and Down guitarist Kirk Windstein and Hatebreed front man Jamey Jasta) are
famous and well-respected personalities in today’s metal world. Although the
band’s style did change the momentum and feel of the show due its vast
differences from vast plethera of extreme metal, a set from Kingdom of Sorrow
was still probably better received than one from Powerglove. Although a fun
embrace of nerd culture through extremely talented – as well as fast – metal
musicianship, Powerglove’s band nature and musical style, amplified by their
oversized, GWAR-esque, video game-influenced costume armor would more than
likely have been shunned if not booed off stage by a more than likely small
crowd paying attention to the satirically humorous break from brutality.

            After the surprise set of Kingdom of
Sorrow came the four 2011 Summer Slaughter “headliners.” The first of these
bands to share the highest billing on the tour was the return of Six Feet
Under, the legendary groove-laden death metal outfit of former Cannibal Corpse
front man Chris Barnes. After parting ways with fellow founding members,
bassist Terry Butler and drummer Greg Gall earlier this year, Barnes recruited
the talents of Chimaira guitarists Rob Arnold and Matt DeVries and reputable
metal drummer Kevin Talley, known for his past work with bands like Dying
Fetus, Misery Index and Daath, as well as Chimaira’s 2005 self-titled album.
Now as a five-piece with Arnold on rhythm guitar and DeVries on bass, Six Feet
Under’s live sound is even more dynamic, amplifying the experience already led
strongly by Barnes’ stage presence, showcasing the solid, confident aggression
of a seasoned veteran who exhibited his genuine enjoyment of being on stage.
Six Feet Under’s ten-song setlist spanned not only the length of their career
but was even framed by songs from Barnes’ tenure with Cannibal Corpse, opening
with “Stripped, Raped and Strangled” and closing with “Hammer Smashed Face.”
The Louisville crowd seemed very enthusiastic about Six Feet Under’s
performance, although their sizable audience mostly consisted of fans of
traditional death metal rather than most members of the deathcore crowd, most
of which seemed to find something else to do during their set.

            After Six Feet Under was easily the
most melodic and possibly out of place band on the bill, Washington D.C.-based
metalcore/melodic death metal band Darkest Hour. Having previously toured on
the Summer Slaughter tour in 2009, Darkest Hour may have anticipated the
smaller, less-than-enthusiastic crowd on the tour from past experiences, but
were not fazed by this or their technical malfunction during the middle of
their set; halfway through their set while vocalist John Henry was introducing
their song “The Sadist Nation,” their oldest song on their set list, Henry’s
microphone began to short out and eventually failed. The band pressed on
throughout a handful of songs with Henry screaming into a failed microphone
while a sound tech constantly jumped on and off the stage to attempt to install
a new microphone. With both the faulty and functioning microphones installed,
either Henry or the sound board op became confused on which mic was which.
Rolling with the punches, Henry quickly decided to use both mics, holding each
mic with one hand and screaming into both, finally bringing vocals back to
their set. Although Henry’s handling of the technical difficulties added
positive professionalism to Darkest Hour’s show, the sound issues appeared to
bring the already unimpressed extreme metal crowd down further, along with the
band playing some of their more melodic and less heavy songs, particularly
“Savor The Kill,” “The World Engulfed In Flames,” and their solemn, almost
power ballad-esque “Love As a Weapon,” all from their latest album The Human Romance released in February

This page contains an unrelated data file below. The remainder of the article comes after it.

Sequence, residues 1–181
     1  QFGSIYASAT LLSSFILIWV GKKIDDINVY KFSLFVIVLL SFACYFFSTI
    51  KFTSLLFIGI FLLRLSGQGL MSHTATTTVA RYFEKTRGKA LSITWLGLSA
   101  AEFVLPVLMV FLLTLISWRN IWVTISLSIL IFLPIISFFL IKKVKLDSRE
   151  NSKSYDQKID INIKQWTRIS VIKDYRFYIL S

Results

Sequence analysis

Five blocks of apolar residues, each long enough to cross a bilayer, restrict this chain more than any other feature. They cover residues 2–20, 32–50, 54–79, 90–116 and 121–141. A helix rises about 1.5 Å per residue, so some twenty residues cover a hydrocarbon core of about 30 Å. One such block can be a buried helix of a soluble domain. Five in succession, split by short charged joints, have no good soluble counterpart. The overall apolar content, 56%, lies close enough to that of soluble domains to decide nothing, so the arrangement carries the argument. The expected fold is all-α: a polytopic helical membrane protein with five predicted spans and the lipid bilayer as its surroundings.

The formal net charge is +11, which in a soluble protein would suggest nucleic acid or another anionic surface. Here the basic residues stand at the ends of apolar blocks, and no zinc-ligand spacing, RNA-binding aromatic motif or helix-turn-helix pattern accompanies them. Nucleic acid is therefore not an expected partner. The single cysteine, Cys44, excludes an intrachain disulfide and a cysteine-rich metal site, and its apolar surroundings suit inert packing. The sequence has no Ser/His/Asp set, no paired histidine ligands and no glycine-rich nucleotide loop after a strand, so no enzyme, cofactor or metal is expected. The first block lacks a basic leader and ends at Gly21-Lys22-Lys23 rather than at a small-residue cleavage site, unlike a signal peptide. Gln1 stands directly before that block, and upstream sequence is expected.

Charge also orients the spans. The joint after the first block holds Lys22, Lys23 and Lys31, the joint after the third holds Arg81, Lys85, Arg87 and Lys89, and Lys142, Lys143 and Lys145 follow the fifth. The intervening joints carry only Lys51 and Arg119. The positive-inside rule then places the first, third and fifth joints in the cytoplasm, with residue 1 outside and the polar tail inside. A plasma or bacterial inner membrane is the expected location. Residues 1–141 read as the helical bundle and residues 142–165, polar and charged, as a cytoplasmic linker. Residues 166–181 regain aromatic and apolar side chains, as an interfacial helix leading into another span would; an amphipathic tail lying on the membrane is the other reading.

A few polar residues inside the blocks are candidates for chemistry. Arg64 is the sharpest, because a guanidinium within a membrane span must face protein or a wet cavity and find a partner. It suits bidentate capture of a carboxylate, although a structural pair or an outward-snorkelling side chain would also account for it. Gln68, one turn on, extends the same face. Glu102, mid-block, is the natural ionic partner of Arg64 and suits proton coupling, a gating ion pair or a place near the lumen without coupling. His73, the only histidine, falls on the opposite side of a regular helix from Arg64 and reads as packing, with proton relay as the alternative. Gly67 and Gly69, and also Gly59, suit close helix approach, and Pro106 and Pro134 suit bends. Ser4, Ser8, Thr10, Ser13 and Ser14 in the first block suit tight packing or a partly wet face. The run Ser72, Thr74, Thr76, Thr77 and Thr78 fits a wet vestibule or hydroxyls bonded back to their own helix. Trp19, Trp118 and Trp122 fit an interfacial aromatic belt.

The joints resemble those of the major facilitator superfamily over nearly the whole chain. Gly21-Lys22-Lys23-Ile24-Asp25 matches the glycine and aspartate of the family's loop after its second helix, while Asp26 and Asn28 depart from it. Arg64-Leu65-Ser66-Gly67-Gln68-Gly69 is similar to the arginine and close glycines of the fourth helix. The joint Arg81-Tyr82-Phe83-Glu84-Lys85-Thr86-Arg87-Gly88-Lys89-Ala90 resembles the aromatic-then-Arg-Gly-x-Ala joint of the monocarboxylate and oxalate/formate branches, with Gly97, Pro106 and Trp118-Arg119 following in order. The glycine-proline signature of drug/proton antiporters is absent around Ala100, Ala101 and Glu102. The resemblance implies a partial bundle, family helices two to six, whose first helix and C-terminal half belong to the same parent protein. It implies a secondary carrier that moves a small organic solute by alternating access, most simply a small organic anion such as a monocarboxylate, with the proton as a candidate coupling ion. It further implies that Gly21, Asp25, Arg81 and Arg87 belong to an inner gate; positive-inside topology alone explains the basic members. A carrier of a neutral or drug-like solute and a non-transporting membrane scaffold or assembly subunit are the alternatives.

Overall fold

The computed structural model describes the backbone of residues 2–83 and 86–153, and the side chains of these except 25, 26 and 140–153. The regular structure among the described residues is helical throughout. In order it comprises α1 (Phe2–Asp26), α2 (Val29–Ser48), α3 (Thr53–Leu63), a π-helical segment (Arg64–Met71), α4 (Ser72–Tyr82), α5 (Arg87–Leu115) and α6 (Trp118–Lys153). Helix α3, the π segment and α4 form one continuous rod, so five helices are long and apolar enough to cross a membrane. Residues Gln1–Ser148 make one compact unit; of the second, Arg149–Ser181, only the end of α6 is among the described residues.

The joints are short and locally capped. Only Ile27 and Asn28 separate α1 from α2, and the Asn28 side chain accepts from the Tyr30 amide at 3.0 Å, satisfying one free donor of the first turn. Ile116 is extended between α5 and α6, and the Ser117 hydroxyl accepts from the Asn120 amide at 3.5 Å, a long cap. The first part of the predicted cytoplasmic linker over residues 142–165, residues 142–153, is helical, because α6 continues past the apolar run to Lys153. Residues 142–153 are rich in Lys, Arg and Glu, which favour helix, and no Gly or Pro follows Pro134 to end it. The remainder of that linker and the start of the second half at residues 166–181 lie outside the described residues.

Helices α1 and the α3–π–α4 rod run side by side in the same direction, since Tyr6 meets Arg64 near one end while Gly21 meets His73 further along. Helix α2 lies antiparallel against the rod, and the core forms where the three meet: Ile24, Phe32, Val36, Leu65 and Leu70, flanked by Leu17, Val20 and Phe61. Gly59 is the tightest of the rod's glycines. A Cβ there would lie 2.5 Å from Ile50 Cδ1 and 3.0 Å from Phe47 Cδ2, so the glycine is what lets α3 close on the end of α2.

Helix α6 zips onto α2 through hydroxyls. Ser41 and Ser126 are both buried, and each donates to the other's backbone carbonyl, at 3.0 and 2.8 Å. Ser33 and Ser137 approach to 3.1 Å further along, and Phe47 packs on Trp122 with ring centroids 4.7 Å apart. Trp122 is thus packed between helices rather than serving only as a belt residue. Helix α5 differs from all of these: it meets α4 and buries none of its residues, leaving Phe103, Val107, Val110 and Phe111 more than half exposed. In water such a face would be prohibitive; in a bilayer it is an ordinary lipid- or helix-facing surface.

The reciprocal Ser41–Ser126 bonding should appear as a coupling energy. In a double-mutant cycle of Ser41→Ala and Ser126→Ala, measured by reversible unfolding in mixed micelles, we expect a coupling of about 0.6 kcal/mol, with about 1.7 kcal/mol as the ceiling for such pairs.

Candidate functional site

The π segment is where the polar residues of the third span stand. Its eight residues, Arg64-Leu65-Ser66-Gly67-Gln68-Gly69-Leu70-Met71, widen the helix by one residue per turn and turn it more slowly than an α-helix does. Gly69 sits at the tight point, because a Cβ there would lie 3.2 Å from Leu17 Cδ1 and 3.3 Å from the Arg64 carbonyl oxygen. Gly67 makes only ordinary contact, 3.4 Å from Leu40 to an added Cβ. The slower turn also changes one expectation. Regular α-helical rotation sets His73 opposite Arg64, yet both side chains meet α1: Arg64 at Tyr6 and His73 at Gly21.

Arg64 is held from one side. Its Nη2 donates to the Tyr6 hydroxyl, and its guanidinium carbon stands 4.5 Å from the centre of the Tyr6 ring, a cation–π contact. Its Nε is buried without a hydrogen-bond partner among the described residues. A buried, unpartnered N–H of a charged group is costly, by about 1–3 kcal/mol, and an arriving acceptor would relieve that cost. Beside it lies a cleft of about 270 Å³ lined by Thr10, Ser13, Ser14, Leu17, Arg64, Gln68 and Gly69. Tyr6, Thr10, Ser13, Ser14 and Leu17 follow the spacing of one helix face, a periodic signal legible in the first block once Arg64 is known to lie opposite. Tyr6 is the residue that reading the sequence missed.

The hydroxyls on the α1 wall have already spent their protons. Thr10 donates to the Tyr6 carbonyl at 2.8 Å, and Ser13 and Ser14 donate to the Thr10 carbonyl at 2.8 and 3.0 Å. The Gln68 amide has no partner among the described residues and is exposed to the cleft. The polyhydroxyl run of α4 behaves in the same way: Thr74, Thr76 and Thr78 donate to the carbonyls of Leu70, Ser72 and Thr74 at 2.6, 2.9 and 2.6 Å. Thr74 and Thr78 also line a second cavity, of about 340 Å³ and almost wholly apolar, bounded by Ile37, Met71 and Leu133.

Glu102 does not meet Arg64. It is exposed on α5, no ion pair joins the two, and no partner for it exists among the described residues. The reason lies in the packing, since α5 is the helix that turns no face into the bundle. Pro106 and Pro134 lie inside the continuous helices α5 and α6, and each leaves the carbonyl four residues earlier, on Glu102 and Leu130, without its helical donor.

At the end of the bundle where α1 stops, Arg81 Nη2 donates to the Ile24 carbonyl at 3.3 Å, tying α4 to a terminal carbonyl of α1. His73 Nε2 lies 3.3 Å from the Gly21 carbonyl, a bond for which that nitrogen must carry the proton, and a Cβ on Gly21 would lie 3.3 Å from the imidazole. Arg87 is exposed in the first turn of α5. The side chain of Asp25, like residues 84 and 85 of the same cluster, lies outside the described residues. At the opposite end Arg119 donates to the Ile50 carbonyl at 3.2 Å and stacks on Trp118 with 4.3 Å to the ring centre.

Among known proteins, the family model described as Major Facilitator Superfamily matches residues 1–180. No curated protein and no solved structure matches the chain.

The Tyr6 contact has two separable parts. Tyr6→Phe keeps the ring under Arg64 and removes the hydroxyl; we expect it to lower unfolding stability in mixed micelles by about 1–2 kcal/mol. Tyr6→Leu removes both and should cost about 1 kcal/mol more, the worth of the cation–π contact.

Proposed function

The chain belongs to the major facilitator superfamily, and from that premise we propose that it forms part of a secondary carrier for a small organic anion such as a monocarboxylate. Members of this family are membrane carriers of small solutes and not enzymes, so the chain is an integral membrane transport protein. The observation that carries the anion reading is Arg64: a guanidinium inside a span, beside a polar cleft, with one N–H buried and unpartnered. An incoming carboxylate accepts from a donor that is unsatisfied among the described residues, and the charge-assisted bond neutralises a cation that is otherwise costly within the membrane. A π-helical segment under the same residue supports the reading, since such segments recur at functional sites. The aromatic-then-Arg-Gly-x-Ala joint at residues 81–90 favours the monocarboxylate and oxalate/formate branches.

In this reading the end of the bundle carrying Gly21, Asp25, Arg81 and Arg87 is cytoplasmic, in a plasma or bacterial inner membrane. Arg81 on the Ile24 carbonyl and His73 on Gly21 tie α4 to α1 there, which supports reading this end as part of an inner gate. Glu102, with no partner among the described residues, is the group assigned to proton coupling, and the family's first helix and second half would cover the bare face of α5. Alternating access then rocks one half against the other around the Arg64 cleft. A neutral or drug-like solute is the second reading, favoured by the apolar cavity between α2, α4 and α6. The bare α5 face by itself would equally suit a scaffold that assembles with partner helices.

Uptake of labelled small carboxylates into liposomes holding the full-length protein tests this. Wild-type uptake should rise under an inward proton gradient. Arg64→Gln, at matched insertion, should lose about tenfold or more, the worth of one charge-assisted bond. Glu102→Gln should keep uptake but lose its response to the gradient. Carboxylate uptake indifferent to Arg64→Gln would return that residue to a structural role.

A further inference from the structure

2011.

            At this point of the night, the vast
majority of attendees re-entered the main auditorium of Expo Five for the first
of the two top-billing co-headliners. As the sun began to set, Knoxville, TN
deathcore band Whitechapel treated ecstatic fans to a unique set of thick
breakdowns, surprisingly professionally traditional groove, and front man Phil
Bozeman’s signature extreme vocals, ranging from his deep guttural growls to
strong barks and screeches, all displaying his impeccably fast diction. Bozeman
also pointed out that one of their three guitarists was unable to perform that
evening due to food poisoning after allegedly eating undercooked roast beef
from a submarine sandwich chain that will remain nameless. Whitechapel did not
have to put too much effort into their set in order to impress the already
captivated crowd of fans, but took pride in showcasing their musical abilities
with an instrumental interlude that was calm and atmospheric as well as heavy,
brutal and groovy. It’s interesting to note that only three years earlier,
Whitechapel were one of the lowest bands on the bill of the 2008 Summer
Slaughter tour. By supporting their musical “coming into their element” so
strongly, Whitechapel not only pleased their own fans but those new and
unfamiliar to their music as well.

            Returning to headline the 2011
Summer Slaughter tour was The Black Dahlia Murder, who had also headlined the
tour in 2008. After already establishing and solidifying their place as one of
the most famous and widely-appreciated bands of modern extreme metal, The Black
Dahlia Murder brought every bit of their signature sound and show to Louisville
at Expo Five. Their zany antics and humor during their sound check alone was a
precursor of their high-energy and highly enjoyable stage presence that makes
them stand out within their own subgenre, as well as the metal world in
general. Vocalist Trevor Strnad’s eccentric mannerisms, mimicking a conductor
of an orchestra, was all part of the fun that fans come to expect from the
band, and actually works in their fun-loving favor against their music, which
is not only brutal and extreme, but surprisingly well-orchestrated for a band
that is often labeled as just another deathcore outfit.

            The 2011 Summer Slaughter tour was
indeed an experience all its own, especially at the Expo Five venue in
Louisville, KY. The setting alone made the presence of so many different,
original metal bands both fitting as well as a bit foreign. The only real
downside to the show at this particular venue was the highly noticeable poor
sound quality. While some bands enjoyed the good luck of working sound during
their set, other bands like Fleshgod Apocalypse and Darkest Hour were not so
fortunate, which is considerably disappointing as two of the most uniquely
outstanding bands on the bill. Perhaps with better sound quality, both bands
may have had more enthusiastic and positive crowd responses. Still, the 2011
Summer Slaughter tour successfully delivered the heaviest of the heavy once
again to satisfied fans far and wide, for a break from their lives and a day of
some of the loudest, most obnoxious music on the planet.